A number of studies show that social rejection causes actual pain. Is there a study that focuses on finding the personality dimensions that predict the amount of such pain? For example, is there a correlation between extroversion and the severity of rejection pain?

An answer nearby suggests that there is some kind of "sensitivity" to a person, but I am so far unable to determine what exactly this "sensitivity" means.

K. D. Williams and allies — "Ostracism: Consequences and Coping"
Naomi I. Eisenberger and allies — "Does Rejection Hurt? An fMRI Study of Social Exclusion"


1 Answer 1


I have found 2 papers that may be relevant to your question -

This paper probably answers your question the most - I have only schemed through it, and it seems that the results were insignificant. You can check out the paper in more detail, hopefully it will get you to more resources that can help with your research.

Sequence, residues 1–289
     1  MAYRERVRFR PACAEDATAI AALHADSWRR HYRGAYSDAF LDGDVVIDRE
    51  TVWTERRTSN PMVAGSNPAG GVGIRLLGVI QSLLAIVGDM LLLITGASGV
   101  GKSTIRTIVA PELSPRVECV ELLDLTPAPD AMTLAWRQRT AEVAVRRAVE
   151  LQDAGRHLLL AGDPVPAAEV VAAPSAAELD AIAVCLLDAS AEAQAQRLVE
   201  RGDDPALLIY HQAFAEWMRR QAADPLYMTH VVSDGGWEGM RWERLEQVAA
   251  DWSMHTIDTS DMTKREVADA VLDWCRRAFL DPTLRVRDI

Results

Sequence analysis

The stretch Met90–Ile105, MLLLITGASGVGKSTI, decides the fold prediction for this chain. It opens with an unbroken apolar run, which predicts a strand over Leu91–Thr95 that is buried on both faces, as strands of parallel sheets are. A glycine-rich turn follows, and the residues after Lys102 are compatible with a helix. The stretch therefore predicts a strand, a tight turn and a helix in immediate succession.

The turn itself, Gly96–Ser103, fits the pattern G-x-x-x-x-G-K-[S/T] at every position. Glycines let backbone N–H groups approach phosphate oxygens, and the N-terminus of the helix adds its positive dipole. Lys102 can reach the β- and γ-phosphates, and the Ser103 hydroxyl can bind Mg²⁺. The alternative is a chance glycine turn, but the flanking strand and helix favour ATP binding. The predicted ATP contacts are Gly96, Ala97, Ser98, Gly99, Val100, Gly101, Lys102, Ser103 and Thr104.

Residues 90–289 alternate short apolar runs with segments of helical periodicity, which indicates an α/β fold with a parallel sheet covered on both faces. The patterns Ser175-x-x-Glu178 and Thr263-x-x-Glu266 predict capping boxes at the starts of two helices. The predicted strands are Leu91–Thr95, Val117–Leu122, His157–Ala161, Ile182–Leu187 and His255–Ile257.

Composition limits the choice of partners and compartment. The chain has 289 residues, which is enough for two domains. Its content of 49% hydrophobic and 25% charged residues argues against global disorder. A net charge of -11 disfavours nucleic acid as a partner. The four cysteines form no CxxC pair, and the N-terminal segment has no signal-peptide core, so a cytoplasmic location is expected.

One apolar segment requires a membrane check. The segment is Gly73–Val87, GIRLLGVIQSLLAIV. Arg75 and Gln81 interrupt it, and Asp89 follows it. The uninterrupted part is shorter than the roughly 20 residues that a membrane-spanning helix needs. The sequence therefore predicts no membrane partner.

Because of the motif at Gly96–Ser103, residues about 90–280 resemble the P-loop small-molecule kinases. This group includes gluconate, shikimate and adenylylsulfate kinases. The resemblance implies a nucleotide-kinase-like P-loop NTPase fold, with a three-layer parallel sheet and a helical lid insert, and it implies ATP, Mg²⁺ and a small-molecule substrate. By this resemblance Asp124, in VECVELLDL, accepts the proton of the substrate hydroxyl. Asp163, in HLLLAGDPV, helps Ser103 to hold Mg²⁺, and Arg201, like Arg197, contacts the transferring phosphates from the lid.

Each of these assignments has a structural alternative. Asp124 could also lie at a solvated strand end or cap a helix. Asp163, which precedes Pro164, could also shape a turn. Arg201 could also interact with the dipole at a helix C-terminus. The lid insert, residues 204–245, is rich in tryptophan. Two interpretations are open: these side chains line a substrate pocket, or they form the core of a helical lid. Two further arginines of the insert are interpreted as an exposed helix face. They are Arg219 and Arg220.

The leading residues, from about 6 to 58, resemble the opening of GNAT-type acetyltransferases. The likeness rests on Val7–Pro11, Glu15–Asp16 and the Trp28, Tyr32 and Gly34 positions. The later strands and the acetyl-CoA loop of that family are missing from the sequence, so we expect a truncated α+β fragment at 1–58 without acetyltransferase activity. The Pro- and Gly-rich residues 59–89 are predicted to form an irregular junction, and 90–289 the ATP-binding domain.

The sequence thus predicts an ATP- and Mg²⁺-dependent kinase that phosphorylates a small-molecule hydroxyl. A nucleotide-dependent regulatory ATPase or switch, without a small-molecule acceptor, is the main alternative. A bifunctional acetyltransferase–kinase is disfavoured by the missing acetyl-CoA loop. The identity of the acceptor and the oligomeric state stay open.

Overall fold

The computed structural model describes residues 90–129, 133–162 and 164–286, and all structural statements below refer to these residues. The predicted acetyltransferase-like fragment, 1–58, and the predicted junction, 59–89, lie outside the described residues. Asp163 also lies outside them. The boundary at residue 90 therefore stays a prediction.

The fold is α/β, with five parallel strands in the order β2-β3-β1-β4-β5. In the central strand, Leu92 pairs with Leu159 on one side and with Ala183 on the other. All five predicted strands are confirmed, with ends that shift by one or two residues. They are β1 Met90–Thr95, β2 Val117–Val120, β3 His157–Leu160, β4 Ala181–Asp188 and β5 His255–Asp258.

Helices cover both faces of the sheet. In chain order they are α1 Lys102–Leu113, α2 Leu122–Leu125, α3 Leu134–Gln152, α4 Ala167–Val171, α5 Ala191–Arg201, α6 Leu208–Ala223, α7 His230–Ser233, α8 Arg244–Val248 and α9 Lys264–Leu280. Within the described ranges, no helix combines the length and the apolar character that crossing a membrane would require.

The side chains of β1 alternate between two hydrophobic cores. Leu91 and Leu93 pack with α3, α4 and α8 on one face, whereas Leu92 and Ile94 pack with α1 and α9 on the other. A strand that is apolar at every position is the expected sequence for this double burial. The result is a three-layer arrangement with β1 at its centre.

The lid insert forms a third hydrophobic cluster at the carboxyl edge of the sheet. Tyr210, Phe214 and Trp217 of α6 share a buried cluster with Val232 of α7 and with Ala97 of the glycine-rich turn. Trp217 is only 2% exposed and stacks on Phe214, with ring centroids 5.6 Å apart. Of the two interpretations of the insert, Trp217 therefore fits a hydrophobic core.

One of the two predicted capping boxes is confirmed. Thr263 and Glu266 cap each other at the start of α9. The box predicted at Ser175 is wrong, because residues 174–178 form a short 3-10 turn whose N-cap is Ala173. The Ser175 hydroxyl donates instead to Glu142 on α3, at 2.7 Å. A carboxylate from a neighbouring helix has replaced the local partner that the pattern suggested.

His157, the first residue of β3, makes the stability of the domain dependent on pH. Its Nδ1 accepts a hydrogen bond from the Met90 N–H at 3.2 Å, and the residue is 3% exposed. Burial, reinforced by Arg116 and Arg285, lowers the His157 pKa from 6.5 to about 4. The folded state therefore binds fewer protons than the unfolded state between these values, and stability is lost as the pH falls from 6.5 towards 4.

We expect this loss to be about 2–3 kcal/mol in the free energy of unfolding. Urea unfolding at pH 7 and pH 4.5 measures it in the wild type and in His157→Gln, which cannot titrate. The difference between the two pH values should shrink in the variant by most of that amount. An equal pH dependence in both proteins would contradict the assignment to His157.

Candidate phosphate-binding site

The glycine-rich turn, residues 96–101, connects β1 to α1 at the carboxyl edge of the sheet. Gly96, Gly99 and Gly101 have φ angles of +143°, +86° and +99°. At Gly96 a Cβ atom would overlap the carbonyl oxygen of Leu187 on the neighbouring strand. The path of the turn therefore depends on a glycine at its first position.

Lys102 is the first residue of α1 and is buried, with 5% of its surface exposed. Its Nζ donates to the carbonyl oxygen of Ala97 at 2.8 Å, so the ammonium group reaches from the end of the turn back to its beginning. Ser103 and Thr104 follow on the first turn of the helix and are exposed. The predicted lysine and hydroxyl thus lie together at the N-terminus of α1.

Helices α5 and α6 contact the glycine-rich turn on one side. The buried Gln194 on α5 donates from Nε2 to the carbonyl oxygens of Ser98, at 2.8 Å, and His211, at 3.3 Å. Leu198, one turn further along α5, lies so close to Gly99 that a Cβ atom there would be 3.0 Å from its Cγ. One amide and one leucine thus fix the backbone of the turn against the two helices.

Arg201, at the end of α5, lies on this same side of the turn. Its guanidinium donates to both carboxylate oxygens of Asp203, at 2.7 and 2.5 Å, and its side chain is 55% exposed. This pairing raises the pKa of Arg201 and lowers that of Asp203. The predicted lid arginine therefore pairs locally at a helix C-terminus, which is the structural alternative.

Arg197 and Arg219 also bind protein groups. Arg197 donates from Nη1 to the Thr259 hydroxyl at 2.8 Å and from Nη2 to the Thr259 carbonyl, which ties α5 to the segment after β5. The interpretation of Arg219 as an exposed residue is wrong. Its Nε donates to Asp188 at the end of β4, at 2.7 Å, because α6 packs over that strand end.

I have also found this paper which does not entirely answer your question, but I think will help with your insight.

Also keep in mind that some neuroimaging research on social exclusion in causing activation in regions (e.g. dACC) associated with physical pain employs reverse inference method. This does not mean the results are entirely unworthy of considering - just something to keep in mind when looking at neuroimaging result interpretations.


McDonald, Melissa & Donnellan, M.. (2012). Is ostracism a strong situation? The influence of personality in reactions to rejection. Journal of Research in Personality. 46. 614–618. doi: 10.1016/j.jrp.2012.05.008.

Park, M., Lee, K.H., Sohn, S., Eom, J., & Sohn, J. (2014). Degree of extraversion and physiological responses to physical pain and sadness. Scandinavian journal of psychology, 55(5), 483-8. doi: 10.1111/sjop.12144

Poldrack R. A. (2011). Inferring mental states from neuroimaging data: from reverse inference to large-scale decoding. Neuron, 72(5), 692–697. doi: 10.1016/j.neuron.2011.11.001


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